News Looking for orchids? You may want to venture to a bog.

Beautiful summer flowers bloom in some of the most unlikely of locations.
  • MassWildlife's Natural Heritage & Endangered Species Program
  • Division of Fisheries and Wildlife

Media Contact for Looking for orchids? You may want to venture to a bog.

Marion Larson, MassWildlife

Left: white-fringed bog orchid; right: leafy white orchid

Massachusetts has 16 species of bog orchids (genus Platanthera)—many are in bloom now. Bog orchids, like all of our native orchids, rely on their below-ground fungal associates (mycorrhizae), which interconnect the vegetative community. Without mycorrhizae, the seeds of these plants cannot germinate. If disrupted while growing, they will fail to thrive without their mycorrhizae to provide nutrients. Many of these species will only produce leaves and flowers in years with suitable conditions and survive underground as tubers or corms during the years in-between.

Only some Platanthera  actually grow in bogs. Many grow in damp areas with high nutrient levels, including other types of wetlands and rich forests. Of those that do grow in bogs, the most dramatic is the white-fringed bog orchid (Platanthera blephariglottis). This spectacular plant has large flowers with frilly lower petals (in orchids, this is referred to as the labellum) and is a good indicator that the peat bog mat on which it grows has undergone minimal human disturbance. White-fringed bog orchids are pollinated by a variety of bees, moths, and butterflies that have tongues long enough to reach the nectar in the flower’s long spur.

Other types of bog orchids include the large purple-fringed orchid (P. grandiflora) and the small purple-fringed orchid (P. psycodes)—both are tall and showy. Swallowtail butterflies are common pollinators for both plants. The club-spur orchid (P. clavellata), found statewide, is more cryptic and can be difficult to spot. It has a short, dense inflorescence of yellow-green flowers. This orchid can self-pollinate, but a number of pollinators have also been observed visiting the species.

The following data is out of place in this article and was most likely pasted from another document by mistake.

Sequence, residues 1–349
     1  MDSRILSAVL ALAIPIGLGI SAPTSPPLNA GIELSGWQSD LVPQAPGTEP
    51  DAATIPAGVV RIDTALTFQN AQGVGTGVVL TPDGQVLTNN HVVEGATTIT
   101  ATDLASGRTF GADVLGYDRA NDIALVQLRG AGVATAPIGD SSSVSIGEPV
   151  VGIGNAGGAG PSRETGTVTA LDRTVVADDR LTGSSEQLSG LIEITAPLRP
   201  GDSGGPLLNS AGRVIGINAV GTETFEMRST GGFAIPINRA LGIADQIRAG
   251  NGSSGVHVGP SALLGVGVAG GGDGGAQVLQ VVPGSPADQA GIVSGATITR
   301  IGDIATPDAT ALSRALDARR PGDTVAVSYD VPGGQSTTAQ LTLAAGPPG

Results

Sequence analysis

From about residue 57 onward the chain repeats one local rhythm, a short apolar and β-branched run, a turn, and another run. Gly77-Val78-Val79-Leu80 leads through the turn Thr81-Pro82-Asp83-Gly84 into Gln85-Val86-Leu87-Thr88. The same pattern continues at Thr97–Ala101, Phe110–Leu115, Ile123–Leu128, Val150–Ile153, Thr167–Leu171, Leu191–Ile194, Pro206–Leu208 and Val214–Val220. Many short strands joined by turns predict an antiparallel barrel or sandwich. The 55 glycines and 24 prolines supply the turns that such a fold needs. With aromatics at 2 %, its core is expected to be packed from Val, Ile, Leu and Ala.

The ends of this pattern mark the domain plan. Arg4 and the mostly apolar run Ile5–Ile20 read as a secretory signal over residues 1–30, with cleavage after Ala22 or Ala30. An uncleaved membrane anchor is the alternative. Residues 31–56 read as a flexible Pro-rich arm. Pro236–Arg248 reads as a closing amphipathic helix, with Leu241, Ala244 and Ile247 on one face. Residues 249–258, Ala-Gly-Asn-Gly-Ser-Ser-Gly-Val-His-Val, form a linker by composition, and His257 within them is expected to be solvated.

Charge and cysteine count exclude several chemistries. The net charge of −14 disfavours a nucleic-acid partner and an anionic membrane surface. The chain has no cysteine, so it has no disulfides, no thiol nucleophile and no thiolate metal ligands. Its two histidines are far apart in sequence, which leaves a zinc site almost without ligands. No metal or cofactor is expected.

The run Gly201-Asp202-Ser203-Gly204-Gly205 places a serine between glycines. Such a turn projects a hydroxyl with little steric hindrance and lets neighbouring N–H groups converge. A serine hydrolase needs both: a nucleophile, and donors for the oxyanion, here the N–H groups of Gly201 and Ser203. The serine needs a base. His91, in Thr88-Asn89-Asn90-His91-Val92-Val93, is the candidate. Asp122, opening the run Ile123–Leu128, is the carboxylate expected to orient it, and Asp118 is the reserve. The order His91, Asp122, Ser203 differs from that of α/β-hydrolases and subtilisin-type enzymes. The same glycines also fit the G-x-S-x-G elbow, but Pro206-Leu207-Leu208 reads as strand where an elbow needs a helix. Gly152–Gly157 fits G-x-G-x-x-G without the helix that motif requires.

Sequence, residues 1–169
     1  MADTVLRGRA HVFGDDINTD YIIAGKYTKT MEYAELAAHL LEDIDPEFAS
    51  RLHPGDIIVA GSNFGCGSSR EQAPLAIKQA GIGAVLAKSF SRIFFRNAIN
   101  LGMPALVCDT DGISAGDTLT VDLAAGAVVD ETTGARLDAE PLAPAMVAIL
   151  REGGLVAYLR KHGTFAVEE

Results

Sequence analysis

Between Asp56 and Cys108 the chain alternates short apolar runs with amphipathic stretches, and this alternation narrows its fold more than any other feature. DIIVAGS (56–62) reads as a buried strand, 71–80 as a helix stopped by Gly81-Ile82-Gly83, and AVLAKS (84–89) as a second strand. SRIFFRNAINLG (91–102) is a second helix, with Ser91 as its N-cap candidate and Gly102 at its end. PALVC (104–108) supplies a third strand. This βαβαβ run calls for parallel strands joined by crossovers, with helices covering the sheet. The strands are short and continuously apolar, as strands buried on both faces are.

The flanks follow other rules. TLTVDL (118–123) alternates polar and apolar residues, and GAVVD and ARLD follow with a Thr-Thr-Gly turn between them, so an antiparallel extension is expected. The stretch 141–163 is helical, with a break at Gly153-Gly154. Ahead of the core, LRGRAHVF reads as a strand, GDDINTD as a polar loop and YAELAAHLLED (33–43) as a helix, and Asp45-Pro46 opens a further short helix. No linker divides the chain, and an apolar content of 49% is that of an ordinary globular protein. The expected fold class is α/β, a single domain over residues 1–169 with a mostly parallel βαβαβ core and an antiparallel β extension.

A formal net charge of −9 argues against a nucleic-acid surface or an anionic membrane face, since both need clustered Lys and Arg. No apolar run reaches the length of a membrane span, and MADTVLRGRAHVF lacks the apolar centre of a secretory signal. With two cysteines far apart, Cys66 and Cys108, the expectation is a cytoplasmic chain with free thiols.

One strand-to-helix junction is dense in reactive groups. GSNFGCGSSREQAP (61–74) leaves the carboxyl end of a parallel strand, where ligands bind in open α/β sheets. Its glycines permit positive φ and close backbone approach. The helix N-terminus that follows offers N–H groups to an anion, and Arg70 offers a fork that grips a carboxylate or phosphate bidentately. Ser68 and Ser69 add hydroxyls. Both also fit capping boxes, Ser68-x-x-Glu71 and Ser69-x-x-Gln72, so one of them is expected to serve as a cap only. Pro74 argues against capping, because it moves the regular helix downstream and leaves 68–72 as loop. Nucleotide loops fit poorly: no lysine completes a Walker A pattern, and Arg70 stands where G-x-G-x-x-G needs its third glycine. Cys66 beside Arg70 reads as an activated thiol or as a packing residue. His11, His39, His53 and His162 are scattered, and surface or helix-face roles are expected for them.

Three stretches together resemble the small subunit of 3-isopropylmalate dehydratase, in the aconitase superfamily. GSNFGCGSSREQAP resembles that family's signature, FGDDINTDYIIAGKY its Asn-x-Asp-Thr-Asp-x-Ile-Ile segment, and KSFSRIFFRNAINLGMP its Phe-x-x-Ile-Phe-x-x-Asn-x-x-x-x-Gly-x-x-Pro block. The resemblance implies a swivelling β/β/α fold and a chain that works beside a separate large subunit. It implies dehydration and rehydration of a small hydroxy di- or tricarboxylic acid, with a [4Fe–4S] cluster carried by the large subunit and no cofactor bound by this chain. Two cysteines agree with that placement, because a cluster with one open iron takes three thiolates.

A few bog orchids are listed under the Massachusetts Endangered Species Act. Listed plants include the pale green orchid (P. flava var. herbiola), leafy white orchid (P. dilatata), crested fringed orchid (P. cristata), and  orange-fringed orchid (P. ciliaris), which hasn’t been observed since the 1970s and is now considered extirpated from the state.

Several bog orchids are also on the Massachusetts Plant Watch List. MassWildlife's Natural Heritage and Endangered Species Program is monitoring species on this list to learn more about their populations within the state. Watch list bog orchids include:

Common name

Scientific name

White-fringed bog orchid

Platanthera blephariglottis

North wind bog orchid

Platanthera. aquilonis

Northern green orchid

Platanthera. huronensis

Hooker’s orchid

Platanthera. hookeri

Large round-leaved orchid

Platanthera. macrophylla

Round-leaved orchid

Platanthera. orbiculata

Additional information about these species can be found at Native Plant Trust’s Go Botany.

Despite the difficulties in surveying plants that do not show up every year, MassWildlife is seeing an overall decline in Massachusetts orchids. If you see any of these plants while exploring the state, please submit your observations through the Vernal Pool and Rare Species information system. Your observations help conserve the rarest species of Massachusetts!

Media Contact for Looking for orchids? You may want to venture to a bog.

MassWildlife's Natural Heritage & Endangered Species Program 

The Natural Heritage & Endangered Species Program is responsible for the conservation and protection of hundreds of species that are not hunted, fished, trapped, or commercially harvested in the state, as well as the protection of the natural communities that make up their habitats.

Division of Fisheries and Wildlife 

MassWildlife is responsible for the conservation of freshwater fish and wildlife in the Commonwealth, including endangered plants and animals. MassWildlife restores, protects, and manages land for wildlife to thrive and for people to enjoy.